Does frequent ejaculation reduce prostate cancer risk?
About 1 in 7 men in the United States will be diagnosed with prostate cancer during their lifetime. As prostate cancer is so common, being aware of the risk factors is important. This article explores whether frequent ejaculation can reduce the risk of prostate cancer.
Is there a link?
Despite numerous studies being conducted, the link between frequent ejaculation and reduced prostate cancer risk is not conclusive.
In recent years there have been a number of articles that claim ejaculating more often can reduce the risk of prostate cancer. While these claims might sound like sensationalized headlines, they may be supported in part by scientific evidence.
What the research says
According to a 2016 study in European Eurology, men who ejaculate more frequently are less likely to develop prostate cancer, compared to those who ejaculate less often.
The research from 2016 was a follow-up to a 2004 study, which came to a similar conclusion. Both studies found that the risk of prostate cancer may be reduced for men who ejaculate 21 times or more per month. This was compared with men who only ejaculated 4-7 times a month.
Other studies uncovered some conflicting evidence. Researchers disagree whether ejaculating more often makes men of all ages less likely to get prostate cancer.
A 2008 study found that frequent masturbation was only linked with a decreased risk of prostate cancer in men over 50. Researchers in this study found that men in their 20s and 30s who ejaculated more often were actually at an increased risk of prostate cancer.
In contrast, a 2003 study from Australia found that men who frequently ejaculated as young men had a reduced rate of prostate cancer.
More research needed
From all the research conclusions that are available, the evidence may point to a link between increased frequency of ejaculation and a man's risk of prostate cancer.
However, due to the inconsistent and contradictory conclusions, more research is needed to determine if frequent ejaculation decreases prostate cancer risk in men of all ages.
A person should discuss which factors may increase their risk of developing prostate cancer.
Being aware of prostate cancer risk factors can help men understand their likelihood of developing it.
According to the American Society of Clinical Oncology, the following factors make it more likely for men to develop prostate cancer:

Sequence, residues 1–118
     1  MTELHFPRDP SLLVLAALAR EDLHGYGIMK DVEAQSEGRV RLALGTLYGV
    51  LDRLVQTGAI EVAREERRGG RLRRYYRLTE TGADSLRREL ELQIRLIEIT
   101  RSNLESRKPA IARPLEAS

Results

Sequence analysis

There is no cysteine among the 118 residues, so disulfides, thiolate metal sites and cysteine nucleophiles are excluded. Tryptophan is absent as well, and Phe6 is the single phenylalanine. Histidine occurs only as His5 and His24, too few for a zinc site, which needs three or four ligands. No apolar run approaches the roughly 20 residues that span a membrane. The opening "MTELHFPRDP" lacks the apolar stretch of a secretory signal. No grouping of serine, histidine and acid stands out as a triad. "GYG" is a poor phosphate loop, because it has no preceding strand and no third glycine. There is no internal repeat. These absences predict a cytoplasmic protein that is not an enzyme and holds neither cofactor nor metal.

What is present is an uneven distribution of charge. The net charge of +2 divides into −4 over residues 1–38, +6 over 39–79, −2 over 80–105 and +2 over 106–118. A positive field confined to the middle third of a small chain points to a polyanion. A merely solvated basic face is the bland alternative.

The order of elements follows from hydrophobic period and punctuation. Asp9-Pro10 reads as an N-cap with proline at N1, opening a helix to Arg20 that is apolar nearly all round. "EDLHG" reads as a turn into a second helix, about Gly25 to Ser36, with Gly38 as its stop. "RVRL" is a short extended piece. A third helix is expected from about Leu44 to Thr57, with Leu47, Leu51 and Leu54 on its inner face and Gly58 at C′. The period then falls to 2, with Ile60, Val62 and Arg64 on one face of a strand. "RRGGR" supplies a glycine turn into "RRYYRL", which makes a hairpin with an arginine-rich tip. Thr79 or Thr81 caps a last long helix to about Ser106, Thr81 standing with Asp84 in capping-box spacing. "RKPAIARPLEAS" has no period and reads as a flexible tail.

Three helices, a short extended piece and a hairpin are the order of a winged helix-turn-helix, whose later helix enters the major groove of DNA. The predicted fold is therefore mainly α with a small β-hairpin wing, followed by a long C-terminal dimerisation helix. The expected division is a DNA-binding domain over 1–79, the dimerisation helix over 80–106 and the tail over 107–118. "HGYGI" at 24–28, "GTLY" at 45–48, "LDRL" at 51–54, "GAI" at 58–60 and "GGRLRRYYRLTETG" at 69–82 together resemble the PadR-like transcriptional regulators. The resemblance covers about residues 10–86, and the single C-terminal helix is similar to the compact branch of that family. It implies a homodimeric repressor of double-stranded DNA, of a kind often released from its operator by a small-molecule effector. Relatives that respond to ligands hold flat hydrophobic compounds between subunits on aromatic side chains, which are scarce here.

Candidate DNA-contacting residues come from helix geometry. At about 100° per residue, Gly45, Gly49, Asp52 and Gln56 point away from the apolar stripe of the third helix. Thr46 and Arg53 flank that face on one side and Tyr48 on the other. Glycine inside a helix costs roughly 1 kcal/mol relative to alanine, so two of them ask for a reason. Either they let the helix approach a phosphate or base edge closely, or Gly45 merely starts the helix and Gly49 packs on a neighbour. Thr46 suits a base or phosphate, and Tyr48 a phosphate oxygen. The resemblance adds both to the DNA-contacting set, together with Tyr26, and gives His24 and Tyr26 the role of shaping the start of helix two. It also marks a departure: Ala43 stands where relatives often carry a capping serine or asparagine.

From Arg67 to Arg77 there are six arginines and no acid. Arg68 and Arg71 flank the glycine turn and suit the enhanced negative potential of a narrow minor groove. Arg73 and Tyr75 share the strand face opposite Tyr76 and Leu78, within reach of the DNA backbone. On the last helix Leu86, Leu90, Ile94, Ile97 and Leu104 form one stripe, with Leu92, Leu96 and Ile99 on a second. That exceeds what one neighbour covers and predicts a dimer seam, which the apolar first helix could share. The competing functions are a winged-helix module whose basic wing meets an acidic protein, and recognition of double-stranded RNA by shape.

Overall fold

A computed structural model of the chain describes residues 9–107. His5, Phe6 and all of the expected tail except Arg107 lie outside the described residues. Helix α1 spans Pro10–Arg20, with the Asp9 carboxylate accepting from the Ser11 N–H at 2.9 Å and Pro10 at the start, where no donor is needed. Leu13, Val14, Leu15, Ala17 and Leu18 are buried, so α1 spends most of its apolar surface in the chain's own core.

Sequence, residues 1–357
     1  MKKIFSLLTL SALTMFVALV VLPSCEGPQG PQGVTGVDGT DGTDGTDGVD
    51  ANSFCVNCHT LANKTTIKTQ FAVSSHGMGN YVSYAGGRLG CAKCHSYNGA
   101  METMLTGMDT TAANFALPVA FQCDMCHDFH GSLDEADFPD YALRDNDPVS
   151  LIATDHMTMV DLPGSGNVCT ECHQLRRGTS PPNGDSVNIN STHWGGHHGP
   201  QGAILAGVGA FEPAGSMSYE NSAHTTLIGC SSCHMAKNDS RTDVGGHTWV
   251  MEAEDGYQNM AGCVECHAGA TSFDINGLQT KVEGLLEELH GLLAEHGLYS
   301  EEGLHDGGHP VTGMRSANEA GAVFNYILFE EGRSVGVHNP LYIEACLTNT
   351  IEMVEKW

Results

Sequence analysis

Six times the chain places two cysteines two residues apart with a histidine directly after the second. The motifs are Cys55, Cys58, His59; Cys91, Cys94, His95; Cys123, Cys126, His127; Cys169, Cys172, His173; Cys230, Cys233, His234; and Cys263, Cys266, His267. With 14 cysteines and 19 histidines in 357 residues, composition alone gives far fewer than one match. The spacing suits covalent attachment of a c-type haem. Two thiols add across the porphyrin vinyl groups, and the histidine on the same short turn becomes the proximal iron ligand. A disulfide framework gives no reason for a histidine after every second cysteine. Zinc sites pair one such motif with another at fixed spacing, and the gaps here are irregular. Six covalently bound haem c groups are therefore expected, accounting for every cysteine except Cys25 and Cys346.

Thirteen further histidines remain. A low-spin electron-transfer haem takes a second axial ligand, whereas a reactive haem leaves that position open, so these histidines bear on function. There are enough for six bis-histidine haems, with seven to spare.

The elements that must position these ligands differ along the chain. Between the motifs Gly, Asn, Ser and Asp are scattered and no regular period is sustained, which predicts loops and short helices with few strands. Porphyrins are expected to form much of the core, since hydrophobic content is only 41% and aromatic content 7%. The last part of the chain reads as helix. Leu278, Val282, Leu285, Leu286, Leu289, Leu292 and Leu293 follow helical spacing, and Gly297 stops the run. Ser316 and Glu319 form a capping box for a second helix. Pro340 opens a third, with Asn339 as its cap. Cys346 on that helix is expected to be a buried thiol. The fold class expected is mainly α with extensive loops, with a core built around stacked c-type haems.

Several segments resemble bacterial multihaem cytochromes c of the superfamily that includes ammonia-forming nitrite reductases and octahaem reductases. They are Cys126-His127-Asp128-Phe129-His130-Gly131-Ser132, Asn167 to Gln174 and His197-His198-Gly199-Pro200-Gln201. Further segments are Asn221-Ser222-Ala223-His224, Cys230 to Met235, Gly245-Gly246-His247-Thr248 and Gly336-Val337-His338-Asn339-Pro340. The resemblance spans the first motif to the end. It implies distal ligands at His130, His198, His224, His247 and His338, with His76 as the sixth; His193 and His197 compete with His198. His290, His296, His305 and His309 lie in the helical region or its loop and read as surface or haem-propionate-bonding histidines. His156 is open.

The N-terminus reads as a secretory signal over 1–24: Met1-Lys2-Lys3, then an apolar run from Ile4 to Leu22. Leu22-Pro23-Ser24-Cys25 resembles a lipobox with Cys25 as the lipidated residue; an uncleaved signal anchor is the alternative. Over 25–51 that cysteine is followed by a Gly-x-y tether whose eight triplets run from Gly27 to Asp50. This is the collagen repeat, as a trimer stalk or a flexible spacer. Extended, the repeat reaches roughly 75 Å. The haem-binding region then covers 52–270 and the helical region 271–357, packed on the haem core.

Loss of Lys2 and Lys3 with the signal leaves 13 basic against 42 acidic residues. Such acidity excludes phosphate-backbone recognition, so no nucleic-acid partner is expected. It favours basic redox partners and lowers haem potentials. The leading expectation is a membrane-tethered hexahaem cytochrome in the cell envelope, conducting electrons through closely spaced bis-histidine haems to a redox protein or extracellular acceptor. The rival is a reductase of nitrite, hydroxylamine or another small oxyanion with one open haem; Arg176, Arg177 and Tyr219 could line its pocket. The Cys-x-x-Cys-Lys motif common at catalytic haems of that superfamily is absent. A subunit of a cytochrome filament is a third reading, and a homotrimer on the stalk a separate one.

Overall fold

- Age: As men get older, their risk of developing prostate cancer increases. Over 80 percent of prostate cancer cases affect men over 65.
- Ethnicity: Black men are more likely to develop prostate cancer than white men, and they may develop it at an earlier age. Black men also have a higher risk of being affected by aggressive forms of prostate cancer. Hispanic men are less likely to develop prostate cancer than non-Hispanic white men.
- Family history: Men are at a higher risk of developing prostate cancer if they have close relatives with prostate cancer.
- Genetics: Certain genetic changes may increase the risk of prostate cancer. Research regarding this potential link is ongoing.
- Exposure to Agent Orange: Used during the Vietnam War, the U.S. Department of Veterans Affairs has listed this chemical as being linked to prostate cancer.
- Diet: Researchers believe a man's diet may affect prostate cancer risk, but studies are not conclusive. More research is needed to investigate this possible connection further.
Reducing the risk
Regular and varied exercise may help to reduce the risk of developing prostate cancer.
Research from 2014 found the following helped reduce the risk of prostate cancer:
- stopping smoking
- exercising regularly
- taking 5-alpha-reductase inhibitors
While the first two lifestyle changes are relatively easy to make, the U.S. Food & Drug Administration (FDA) have not approved 5-alpha-reductase inhibitors for the prevention of prostate cancer.
Dietary changes may also help reduce the risk of prostate cancer. Research is ongoing, but the American Society of Clinical Oncology notes the following findings from current studies:
- diets high in fat may increase the risk of prostate cancer
- diets high in fruit and vegetables may decrease the risk of prostate cancer
However, these dietary changes may need to be made earlier in life to have an effect on a man's risk of developing prostate cancer
Prostate cancer can be detected early using a blood test or with a rectal exam. Diagnosing cancer early can improve the chances of successful treatment.
Blood tests may not be the best option for all men, as they can show conditions that do not require treatment. It is a good idea for men over 50 to discuss being tested for prostate cancer with their doctor.
Research shows the possibility of a link between frequent ejaculation and the risk of prostate cancer. However, further research is needed to understand if ejaculating frequently decreases the risk of prostate cancer for men of all ages.
As research is ongoing, it is important for men to read about prostate cancer regularly and discuss their concerns with a doctor.